Consumer Information

Author:  Maryna Botha – STBB
7 October 2019

ORAL AGREEMENT:  OPTION TO PURCHASE VS PRE-EMPTIVE RIGHT

KRETZMANN V KRETZMANN AND ANOTHER (2644/2018) [219] ZAECPEHC 54 (27 August 2019)

In 2017 the Constitutional Court declared that a pre-emptive right to purchase property need not be reduced to writing in order to be valid. This was because a right of pre-emption gives the holder thereof no right to claim transfer of land; it merely gives him a right to enter into an agreement of sale with the grantor, should the latter wish to sell. When such an agreement is completed then – and not before – will he have a right to claim transfer of land, and that it is the agreement which must be in writing. Could the same be said of an option to purchase? 

SUMMARY OF JUDGMENT:

FACTS
During 2013 LA and P Kretzmann (LA and P) sought to buy portion 8 of the farm 23 Kagga Kamma Road, Port Elizabeth. They were however unable to raise a bond to enable them to purchase the property. They then concluded an oral agreement with EK Kretzmann (EK) in terms of which EK undertook to raise the capital and to purchase the property in his own name, but for their benefit, which he duly did. Transfer was subsequently registered in favour of EK in January 2014.
LA and P stated that the terms of the oral agreement were to the effect that EK gave them an option to purchase the property, for a period of 5 years from the date of transfer into his (EK’s) name, by entering into a written agreement of sale with him for this purchase, for a price consideration equal to the amount owing on the associated mortgage bond at the time of the exercise of the option. LA and P would also pay the transfer and conveyancing costs; occupational rental (should they take occupation prior to the property’s transfer into their name); building insurance; the property’s municipal rates; and EK’s mortgage bond payments.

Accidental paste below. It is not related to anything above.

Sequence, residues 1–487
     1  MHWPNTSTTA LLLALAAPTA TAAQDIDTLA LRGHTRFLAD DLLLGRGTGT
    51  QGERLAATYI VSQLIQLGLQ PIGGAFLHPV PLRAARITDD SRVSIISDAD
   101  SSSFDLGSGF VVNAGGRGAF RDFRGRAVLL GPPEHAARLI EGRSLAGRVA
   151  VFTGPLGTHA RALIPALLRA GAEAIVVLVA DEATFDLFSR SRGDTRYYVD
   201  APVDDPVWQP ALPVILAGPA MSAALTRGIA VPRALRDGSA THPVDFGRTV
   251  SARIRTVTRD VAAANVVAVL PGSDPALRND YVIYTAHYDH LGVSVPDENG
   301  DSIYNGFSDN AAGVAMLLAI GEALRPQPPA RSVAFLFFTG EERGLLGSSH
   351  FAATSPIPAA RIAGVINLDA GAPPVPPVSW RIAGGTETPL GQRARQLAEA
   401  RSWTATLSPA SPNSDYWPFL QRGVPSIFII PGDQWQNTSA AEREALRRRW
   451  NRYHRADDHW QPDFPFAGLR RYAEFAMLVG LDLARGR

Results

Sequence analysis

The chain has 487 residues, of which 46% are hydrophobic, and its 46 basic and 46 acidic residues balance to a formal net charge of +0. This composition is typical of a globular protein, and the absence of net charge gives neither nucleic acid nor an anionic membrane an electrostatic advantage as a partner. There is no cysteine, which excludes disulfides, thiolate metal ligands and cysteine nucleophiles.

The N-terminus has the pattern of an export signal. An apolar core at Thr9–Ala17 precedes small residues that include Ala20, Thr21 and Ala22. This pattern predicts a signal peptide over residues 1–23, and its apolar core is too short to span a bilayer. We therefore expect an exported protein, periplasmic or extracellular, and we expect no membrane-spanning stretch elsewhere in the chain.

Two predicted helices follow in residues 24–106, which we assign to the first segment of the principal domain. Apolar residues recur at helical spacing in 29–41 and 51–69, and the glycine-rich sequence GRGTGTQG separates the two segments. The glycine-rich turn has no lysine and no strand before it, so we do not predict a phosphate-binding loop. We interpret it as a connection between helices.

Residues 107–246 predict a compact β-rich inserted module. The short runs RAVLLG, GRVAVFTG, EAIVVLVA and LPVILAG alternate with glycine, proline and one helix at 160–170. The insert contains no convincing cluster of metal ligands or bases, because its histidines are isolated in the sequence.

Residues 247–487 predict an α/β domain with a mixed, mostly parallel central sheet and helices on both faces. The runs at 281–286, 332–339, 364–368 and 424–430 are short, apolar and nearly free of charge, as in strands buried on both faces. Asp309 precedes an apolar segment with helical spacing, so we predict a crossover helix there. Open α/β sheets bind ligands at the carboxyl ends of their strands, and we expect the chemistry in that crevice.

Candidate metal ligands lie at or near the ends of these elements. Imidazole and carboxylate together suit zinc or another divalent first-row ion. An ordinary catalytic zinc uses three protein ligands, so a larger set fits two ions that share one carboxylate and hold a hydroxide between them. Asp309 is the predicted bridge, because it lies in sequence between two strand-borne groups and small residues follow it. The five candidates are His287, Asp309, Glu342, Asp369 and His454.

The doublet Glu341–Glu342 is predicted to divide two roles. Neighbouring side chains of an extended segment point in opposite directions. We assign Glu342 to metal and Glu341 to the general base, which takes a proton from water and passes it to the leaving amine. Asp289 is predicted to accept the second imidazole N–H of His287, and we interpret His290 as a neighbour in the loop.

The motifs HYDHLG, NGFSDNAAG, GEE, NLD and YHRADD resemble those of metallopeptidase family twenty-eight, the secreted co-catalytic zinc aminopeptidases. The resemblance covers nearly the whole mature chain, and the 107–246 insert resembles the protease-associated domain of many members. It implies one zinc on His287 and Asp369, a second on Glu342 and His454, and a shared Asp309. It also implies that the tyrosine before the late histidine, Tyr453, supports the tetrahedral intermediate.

LA and P complied with their obligations in terms of the oral agreement and in July 2018, they duly exercised the option by providing EK with a signed offer to purchase for the property reflecting a purchase price of R 2,55 million, being the amount owing by EK to the bank under the mortgage.
EK refused to sign the offer and argued, amongst other things, that the option agreement was invalid as it was not reduced to writing as required by section 2(1) of the Alienation of Land Act, 68 of 1981 (the Act), which provides that “no alienation of land … shall … be of any force of effect unless it is contained in a deed of alienation signed by the parties thereto or by their agents acting on their written authority.”
EK therefore raised an exception to the claim. LA and P, in turn, relied on the 2017 Constitutional Court decision Mokone v Tassos Properties CC and Another where that court held that a right of pre-emption in respect of immovable property did not have to be in writing. In a footnote, the Court stated that it should not be understood to suggest that where there is an instance of a pactum de contrahendo (loosely translated, a contract that has the aim to conclude another contract), it is obligatory that the other contract to which the pactum relates, be concluded. The Court specifically referred to the incidence of an option, where the envisaged sale may or may never take place.)